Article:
On Changing Your Mind

I love this from Jeff Bezos (via 37signals):

During one of his answers, he shared an enlightened observation about people who are “right a lot”.

He said people who were right a lot of the timewere people who often changed their minds. He doesn’t think consistency of thought is a particularly positive trait. It’s perfectly healthy — encouraged, even — to have an idea tomorrow that contradicted your idea today.

He’s observed that the smartest people are constantly revising their understanding, reconsidering a problem they thought they’d already solved. They’re open to new points of view, new information, new ideas, contradictions, and challenges to their own way of thinking.

This doesn’t mean you shouldn’t have a well formed point of view, but it means you should consider your point of view as temporary.

What trait signified someone who was wrong a lot of the time? Someone obsessed with details that only support one point of view. If someone can’t climb out of the details, and see the bigger picture from multiple angles, they’re often wrong most of the time.

I’ve been thinking about this more and more over the past few weeks (and the post is old, btw) as I’ve thought about the exciting scaling challenges that we’ve had with The Iron Yard as I’ve had to strongly reconsider my position on some very fundamental beliefs of how I run, grow, and expand a company.

These considerations are fun to entertain and exciting to think about. What’s nice is that I feel like I’ve generally considered my point of view as “temporary” most of my life.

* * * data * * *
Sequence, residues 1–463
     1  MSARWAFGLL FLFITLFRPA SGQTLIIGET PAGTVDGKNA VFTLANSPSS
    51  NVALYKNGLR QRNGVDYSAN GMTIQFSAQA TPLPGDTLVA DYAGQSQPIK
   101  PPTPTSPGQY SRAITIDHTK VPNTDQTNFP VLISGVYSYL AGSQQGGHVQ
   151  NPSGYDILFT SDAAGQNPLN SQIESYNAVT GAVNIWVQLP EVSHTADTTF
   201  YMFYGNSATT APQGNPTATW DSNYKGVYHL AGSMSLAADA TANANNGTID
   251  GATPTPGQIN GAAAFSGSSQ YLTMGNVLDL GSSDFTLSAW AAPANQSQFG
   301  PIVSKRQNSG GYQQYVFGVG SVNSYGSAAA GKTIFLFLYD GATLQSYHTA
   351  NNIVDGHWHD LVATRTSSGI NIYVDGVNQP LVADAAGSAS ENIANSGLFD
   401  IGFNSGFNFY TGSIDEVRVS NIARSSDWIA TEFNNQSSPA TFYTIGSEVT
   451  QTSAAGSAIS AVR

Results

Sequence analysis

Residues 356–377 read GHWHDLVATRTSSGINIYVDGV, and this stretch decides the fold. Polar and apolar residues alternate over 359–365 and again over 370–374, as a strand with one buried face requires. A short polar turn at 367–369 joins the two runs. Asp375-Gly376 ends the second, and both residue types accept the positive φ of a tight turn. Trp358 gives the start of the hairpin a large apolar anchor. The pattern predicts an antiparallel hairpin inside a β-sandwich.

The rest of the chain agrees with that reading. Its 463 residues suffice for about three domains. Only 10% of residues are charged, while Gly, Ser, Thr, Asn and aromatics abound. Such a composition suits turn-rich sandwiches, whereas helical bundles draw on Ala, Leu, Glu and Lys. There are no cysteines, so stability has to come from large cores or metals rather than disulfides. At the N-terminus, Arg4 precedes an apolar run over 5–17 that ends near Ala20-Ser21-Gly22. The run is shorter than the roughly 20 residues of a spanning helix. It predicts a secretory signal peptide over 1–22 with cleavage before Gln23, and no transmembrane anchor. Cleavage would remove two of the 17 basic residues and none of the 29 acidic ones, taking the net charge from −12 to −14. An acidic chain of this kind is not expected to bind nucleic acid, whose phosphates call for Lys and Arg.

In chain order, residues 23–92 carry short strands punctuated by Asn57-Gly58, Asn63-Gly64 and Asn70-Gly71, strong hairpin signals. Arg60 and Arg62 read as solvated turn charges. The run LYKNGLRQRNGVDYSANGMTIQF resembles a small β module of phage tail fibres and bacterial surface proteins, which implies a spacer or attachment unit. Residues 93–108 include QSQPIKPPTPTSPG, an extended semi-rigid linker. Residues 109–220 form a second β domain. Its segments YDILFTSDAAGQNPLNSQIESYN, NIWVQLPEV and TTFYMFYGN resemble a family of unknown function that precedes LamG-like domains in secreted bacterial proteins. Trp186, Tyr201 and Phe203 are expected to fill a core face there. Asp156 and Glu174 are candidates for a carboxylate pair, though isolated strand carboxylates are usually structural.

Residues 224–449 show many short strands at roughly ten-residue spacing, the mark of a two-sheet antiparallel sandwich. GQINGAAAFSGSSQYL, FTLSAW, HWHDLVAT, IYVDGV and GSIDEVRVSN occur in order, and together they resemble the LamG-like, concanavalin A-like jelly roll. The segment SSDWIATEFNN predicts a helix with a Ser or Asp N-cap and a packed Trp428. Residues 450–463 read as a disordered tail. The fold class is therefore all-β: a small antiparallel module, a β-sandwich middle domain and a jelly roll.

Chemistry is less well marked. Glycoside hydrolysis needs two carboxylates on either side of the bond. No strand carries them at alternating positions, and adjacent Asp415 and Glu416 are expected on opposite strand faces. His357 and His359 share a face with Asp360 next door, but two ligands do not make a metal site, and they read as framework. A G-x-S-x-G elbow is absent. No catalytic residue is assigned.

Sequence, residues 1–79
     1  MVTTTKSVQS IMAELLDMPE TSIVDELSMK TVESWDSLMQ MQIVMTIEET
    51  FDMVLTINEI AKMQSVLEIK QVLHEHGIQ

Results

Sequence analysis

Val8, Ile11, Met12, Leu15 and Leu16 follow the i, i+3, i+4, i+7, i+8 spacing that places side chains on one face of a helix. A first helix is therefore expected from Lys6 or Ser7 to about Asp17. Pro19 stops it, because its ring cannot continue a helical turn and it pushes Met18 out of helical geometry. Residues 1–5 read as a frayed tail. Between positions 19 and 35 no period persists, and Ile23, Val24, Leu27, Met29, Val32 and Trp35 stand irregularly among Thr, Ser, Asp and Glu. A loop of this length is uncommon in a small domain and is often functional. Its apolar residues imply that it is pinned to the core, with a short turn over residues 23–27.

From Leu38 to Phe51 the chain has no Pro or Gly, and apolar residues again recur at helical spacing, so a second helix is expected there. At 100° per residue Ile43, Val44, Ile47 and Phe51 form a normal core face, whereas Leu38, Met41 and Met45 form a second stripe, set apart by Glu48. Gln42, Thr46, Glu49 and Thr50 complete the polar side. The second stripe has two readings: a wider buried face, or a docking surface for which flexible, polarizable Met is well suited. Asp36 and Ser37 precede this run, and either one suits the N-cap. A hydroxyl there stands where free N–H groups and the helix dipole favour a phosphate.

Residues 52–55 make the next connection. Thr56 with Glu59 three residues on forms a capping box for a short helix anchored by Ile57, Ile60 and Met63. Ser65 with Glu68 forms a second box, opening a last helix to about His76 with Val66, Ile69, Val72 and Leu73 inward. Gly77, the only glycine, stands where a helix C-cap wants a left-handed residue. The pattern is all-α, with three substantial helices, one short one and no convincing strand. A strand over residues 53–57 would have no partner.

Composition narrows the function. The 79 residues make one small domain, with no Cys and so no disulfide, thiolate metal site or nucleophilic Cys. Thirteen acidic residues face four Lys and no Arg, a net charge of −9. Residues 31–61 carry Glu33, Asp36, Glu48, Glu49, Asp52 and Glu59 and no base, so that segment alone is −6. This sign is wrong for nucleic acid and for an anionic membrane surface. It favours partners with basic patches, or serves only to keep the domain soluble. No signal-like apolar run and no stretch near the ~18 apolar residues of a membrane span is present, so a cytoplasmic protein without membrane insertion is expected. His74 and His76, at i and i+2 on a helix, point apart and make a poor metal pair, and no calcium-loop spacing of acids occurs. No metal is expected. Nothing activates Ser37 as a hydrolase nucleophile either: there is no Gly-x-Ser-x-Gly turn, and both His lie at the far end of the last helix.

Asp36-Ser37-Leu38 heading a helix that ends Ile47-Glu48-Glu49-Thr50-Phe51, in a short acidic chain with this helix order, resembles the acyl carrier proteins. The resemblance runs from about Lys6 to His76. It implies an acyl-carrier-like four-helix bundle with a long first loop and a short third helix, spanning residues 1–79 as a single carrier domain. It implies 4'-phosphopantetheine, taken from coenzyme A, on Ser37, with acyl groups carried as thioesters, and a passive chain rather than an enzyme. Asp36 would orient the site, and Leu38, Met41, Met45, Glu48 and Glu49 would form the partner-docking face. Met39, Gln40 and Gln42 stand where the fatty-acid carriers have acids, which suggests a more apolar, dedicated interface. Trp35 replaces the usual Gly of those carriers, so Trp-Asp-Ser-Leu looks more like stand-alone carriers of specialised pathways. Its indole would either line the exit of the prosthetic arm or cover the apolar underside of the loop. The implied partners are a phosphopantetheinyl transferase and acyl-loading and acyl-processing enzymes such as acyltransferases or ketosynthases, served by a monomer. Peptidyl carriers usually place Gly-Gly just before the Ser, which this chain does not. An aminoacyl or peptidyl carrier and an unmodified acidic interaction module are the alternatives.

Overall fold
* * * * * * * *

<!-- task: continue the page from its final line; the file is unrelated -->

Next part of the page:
In fact, you can pretty much see that in real-time as some of the blog posts that I’ve written in the past now completely contradicted by posts that I write today. I do not feel bad about this change of heart (and mind) and I count it as a benefit and a strength that helps me stay flexible, nimble, open-minded to options and opportunity.

This isn’t saying that I’m the “smartest” person or that I do this really well, but I can look back at many of my decisions and say, fairly emphatically, that I believed them deeply at the time and now I see those same decisions (and the motivations and elements that informed those decisions) entirely different; and I’m fine with that.

And I know of many people that I’ve met who have held so tightly to one perspective that they have short-circuited or precluded themselves of future opportunity and options because their view was too small, too finite, too dogmatic.

I bet you know a few of these people too.